35x35 | Exhibition Reviews | Visual Arts

Sara Serratos at 35×35

Depending on when you visit Artists of Utah’s 35×35 exhibition and view Sara Serratos’ “Niches for Fruits and Vegetables,” the produce that makes up much of the work may be fresh and bright or rapidly approaching decay.

This installation is part of a series of recent works the Salt Lake City artist has created to examine fruits and vegetables not merely as products (as suggested by the word “produce”), but also sources of nourishment and powerful symbols representing everything from religious practice to exploitation and social injustice.

“Niches for Fruits and Vegetables” is an intricate and evocative installation that serves as a poignant commentary on the layered meanings of fruits and vegetables within various cultural, economic, and spiritual contexts. At first glance, the viewer encounters a cluster of wooden structures resembling houses, nestled atop a bed of lush green banana leaves. The choice of material and form here is deliberate, inviting an examination of the dichotomy between the natural and the man-made, between the organic and the constructed.

The use of banana leaves is particularly telling, as they are a staple in various cuisines and serve multiple purposes in culinary practices, especially within Mexican culture. By bringing these elements into a gallery space, Serratos, who was born and raised in Mexico, elevates the leaves from their utilitarian function to a symbol of nourishment and cultural identity. The houses, crafted with a rustic aesthetic and inspired by the cenotaphs of Mexican popular culture, suggest a human presence and perhaps even a sense of community or settlement. This could be interpreted as a nod to the agricultural communities that cultivate and harvest such produce, often facing exploitation and injustice.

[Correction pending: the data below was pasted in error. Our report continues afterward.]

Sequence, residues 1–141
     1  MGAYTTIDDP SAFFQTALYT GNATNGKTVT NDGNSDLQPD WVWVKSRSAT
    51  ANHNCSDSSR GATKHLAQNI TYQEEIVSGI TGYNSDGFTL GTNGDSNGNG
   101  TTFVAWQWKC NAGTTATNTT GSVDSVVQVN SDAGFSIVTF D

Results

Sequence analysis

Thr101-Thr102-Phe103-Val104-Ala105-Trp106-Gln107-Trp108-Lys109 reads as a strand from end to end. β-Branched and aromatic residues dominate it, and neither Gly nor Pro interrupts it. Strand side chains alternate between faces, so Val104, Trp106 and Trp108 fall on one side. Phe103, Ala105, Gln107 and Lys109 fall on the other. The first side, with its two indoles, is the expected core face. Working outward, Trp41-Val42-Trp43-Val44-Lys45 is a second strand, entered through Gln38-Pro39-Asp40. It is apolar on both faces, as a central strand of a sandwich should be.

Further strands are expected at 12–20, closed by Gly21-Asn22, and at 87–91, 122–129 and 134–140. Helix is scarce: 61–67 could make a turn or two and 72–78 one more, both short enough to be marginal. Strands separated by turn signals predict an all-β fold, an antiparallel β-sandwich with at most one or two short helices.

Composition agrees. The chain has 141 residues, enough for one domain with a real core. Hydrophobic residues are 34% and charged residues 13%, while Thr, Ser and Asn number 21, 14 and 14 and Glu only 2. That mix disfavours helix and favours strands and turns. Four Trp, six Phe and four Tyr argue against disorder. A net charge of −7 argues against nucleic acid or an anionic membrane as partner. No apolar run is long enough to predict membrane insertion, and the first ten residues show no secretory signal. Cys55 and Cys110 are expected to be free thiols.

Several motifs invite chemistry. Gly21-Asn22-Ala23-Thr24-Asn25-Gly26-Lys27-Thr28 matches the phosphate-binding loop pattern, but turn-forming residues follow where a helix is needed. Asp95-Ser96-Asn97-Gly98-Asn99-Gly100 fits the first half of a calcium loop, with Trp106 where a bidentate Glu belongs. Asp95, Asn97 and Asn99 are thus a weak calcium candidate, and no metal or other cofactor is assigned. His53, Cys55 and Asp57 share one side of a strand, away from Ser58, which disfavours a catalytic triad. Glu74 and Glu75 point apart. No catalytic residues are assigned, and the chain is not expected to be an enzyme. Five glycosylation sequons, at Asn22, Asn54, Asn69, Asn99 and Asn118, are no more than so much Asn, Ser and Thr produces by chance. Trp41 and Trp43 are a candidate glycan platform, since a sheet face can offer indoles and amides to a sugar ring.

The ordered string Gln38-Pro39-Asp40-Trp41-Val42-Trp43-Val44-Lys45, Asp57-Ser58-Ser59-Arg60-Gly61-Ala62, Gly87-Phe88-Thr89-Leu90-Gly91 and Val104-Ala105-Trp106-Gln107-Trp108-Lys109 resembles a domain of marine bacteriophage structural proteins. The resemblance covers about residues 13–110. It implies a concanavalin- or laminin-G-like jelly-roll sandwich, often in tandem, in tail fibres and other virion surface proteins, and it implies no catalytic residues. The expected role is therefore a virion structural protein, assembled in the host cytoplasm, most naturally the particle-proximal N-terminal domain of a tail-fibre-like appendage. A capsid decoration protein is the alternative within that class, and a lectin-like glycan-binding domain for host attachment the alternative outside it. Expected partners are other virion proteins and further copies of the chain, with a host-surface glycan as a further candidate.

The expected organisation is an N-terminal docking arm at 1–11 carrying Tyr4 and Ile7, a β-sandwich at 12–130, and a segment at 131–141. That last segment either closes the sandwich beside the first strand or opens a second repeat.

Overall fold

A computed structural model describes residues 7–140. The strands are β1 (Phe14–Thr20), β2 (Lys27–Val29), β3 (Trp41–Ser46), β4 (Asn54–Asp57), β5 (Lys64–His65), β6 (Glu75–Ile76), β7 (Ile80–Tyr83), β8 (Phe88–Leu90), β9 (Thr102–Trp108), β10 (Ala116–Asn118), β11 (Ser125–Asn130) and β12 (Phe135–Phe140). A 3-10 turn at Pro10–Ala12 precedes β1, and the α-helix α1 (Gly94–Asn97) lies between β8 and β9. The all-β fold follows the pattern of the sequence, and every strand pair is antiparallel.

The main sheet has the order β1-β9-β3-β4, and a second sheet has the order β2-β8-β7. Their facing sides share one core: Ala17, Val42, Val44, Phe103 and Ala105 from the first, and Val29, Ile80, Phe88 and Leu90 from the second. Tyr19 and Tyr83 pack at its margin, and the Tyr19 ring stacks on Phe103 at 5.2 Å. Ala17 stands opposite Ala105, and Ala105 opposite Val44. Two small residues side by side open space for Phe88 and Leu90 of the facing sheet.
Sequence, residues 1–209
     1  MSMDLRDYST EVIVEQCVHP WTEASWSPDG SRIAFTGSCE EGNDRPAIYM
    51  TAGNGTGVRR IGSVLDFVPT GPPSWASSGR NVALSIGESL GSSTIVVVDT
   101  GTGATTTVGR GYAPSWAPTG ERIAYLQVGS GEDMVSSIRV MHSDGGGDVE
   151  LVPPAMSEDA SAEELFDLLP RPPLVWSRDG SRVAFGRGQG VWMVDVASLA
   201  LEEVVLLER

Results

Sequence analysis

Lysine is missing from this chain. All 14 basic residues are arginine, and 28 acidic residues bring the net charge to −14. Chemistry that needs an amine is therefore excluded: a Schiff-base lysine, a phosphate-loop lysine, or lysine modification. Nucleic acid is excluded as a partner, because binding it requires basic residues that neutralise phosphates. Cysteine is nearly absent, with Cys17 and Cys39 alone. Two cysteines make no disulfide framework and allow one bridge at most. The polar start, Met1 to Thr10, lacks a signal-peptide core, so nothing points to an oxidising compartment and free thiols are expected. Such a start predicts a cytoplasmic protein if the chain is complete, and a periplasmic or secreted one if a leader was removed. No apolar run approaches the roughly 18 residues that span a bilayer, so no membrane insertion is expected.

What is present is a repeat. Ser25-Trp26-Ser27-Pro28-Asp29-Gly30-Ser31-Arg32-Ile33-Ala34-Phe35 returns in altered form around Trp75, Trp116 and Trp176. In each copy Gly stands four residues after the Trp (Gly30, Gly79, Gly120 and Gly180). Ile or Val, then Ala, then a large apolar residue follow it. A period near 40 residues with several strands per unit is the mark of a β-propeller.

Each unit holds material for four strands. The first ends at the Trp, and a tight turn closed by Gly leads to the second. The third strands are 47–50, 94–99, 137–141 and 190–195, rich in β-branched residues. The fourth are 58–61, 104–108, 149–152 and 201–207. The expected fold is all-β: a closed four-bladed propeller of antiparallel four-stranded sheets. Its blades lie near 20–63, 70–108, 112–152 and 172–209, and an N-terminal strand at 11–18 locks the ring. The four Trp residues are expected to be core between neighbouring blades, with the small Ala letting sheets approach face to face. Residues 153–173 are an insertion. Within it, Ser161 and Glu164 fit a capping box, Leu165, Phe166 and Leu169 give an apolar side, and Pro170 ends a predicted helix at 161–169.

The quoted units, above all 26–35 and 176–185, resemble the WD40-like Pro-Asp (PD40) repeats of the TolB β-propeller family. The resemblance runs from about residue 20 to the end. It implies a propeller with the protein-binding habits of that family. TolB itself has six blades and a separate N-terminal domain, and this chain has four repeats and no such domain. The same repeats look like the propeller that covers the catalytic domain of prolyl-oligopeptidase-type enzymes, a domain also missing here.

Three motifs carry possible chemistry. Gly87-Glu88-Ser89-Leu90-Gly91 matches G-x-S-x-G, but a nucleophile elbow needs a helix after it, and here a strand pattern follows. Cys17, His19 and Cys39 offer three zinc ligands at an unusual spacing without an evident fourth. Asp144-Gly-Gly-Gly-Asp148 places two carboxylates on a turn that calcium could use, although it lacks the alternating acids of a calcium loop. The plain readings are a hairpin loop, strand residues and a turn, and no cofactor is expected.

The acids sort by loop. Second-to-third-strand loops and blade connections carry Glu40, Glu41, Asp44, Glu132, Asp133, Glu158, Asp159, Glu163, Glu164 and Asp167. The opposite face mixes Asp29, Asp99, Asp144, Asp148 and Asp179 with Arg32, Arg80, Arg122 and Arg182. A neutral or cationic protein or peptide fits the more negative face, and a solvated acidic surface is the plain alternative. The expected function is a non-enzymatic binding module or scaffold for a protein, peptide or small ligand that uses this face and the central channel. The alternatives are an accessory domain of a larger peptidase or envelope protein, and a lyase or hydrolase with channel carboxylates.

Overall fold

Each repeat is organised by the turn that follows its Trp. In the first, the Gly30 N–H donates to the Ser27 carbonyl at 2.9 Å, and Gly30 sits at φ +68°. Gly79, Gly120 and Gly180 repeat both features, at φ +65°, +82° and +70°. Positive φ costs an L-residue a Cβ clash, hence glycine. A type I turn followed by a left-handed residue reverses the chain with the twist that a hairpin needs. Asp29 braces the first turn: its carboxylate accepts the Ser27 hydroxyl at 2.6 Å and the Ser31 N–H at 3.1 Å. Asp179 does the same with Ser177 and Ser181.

Serratos’ work does more than just present an object for aesthetic contemplation; it is an invitation to reflect on the complex histories of produce, the labor behind its cultivation, and the sacredness imbued in these elements by pre-Columbian cultures. The spiritual significance of fruits and vegetables in these ancient societies often goes unrecognized in contemporary mass production narratives. By juxtaposing the spiritual with the commercial, the artist’s personal connection with these ‘perfect entities despite irregularities’ becomes a profound statement on finding divinity in imperfection and recognizing the holiness in the everyday.

Originally from Cuautitlán, Mexico, Serratos did her undergraduate work in Mexico before earning an MFA in Photography and Digital Imagine from the University of Utah.



Artists of Utah’s 35×35, Finch Lane Gallery, Salt Lake City, through Feb. 23

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